ABQ Poets Against War: A Beginning

November 15, 2010

By Thomas Wark

George W. Bush is making the rounds of talk shows peddling his book.

On Tuesday, allergy Bush’s successor will place the Congressional Medal of Honor around the neck of Sgt. Salvatore Giunta, viagra the first living American to receive the nation’s highest award for valor since the Vietnam war.

What webs we weave.

As for Bush’s book, sildenafil I can only endorse a friend’s suggestion that we all go into a local bookstore and move a copy or two from its display shelf to the place where it belongs — the crime section.

I don’t know Sgt. Giunta but I know his grandfather, Bob Judge. Someone had to coin the phrase “as American as apple pie” just to describe Bob Judge.

High school football hero, married a cheerleader. Worked his entire life at the absolutely typical American middle class occupation — barber (just like the father of “Charlie Brown” of the comic strip, “Peanuts.”) Loved baseball, steak, riding horses (in blue jeans across dusty roads next to cornfields and apple groves, not the fancy-pants kind of riding that’s called “equestrian.”)

Bob’s a lung cancer survivor, like me. He wasn’t a smoker. What, I asked, when I called to wish him well, caused the cancer? “The doctors don’t know,” he said. “They’re intrigued to find out. Personally, I think it’s from all the ribs I’ve broken falling off horses in my lifetime.” Tough guy. What would you expect from someone who was an all-conference tackle — on offense and defense — in high school? Guy who lifted weights to stay fit and loved to play “burn out,” and if you didn’t grow up in the midwest half a century ago, that’s a version of “having a catch” where you throw the ball back and forth as hard as you can, trying to make the other fellow’s hand sting like hell when he catches it.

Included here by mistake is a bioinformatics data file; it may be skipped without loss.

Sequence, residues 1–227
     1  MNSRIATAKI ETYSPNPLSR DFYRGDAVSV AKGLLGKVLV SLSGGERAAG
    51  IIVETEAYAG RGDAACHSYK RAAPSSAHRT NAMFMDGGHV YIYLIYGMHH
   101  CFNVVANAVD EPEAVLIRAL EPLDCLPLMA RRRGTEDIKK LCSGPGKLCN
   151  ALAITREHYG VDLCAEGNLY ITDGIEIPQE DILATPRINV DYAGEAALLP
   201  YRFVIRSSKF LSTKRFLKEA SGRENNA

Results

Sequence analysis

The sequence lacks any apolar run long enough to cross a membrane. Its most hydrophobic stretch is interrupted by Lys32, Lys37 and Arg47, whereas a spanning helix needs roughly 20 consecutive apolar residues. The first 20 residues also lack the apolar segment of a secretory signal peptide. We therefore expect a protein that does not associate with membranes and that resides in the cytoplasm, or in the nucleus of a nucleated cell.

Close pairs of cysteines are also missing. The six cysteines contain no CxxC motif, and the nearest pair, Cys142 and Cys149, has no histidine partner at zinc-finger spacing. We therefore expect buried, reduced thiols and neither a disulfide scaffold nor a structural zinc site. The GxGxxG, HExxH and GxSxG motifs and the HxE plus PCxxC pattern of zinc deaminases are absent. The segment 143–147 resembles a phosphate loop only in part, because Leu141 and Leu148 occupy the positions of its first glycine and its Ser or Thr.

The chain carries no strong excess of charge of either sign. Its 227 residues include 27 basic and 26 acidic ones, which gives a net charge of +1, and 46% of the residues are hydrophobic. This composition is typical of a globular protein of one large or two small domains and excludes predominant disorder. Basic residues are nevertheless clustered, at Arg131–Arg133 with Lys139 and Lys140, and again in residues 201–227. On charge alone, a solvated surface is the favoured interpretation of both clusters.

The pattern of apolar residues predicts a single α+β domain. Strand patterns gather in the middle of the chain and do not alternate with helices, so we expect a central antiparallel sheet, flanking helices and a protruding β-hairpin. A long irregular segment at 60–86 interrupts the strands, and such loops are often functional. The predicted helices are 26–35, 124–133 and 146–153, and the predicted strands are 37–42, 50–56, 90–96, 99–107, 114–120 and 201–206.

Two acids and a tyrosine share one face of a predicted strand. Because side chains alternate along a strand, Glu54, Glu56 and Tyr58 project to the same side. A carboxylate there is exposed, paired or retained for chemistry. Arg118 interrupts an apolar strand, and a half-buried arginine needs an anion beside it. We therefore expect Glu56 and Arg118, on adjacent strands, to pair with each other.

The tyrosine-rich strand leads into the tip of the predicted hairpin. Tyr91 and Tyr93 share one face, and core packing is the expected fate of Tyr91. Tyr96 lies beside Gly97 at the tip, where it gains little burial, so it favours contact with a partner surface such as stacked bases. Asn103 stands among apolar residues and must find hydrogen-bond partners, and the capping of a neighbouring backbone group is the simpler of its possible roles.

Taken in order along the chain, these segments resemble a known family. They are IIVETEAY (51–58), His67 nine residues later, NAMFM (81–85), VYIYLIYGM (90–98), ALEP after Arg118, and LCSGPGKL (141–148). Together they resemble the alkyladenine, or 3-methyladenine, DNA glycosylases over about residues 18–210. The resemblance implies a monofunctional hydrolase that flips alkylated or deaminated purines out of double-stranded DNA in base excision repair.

Bob is a lifelong resident of Clinton, Iowa, a town that, like Bob, is apple pie American. His wife, Molly, was the town’s women’s tennis champion in her younger years. Won the tournament on the old high school courts before the high school burned down.

Bob and Molly raised six fine kids, worked hard to educate them. Rosemary, Sgt. Giunta’s mother, is a school teacher in Hiawatha, Iowa, although Salvatore was born when she and Steven still lived in Clinton (1985).

Just over three years ago, in a place in Afghanistan nicknamed “death valley,” Sal Giunta ran through a hail of gunfire to rescue two wounded comrades. One of the men he rescued, Sgt. Joshua Brennan, and another comrade, Spec. Hugo Mendoza, died in the action.

“I didn’t try to be a hero,” Sal told an embedded reporter with his unit. “I ran to the front because Brennan was there. All of my feelings are with my friends. I have sweat more, cried more, bled more in this country than in my own.”

“Death valley’s” real name is Korengal. “These people,” Sal said of the Korengalis, “will never leave this valley. They were here long before I could even fathom an Afghanistan.”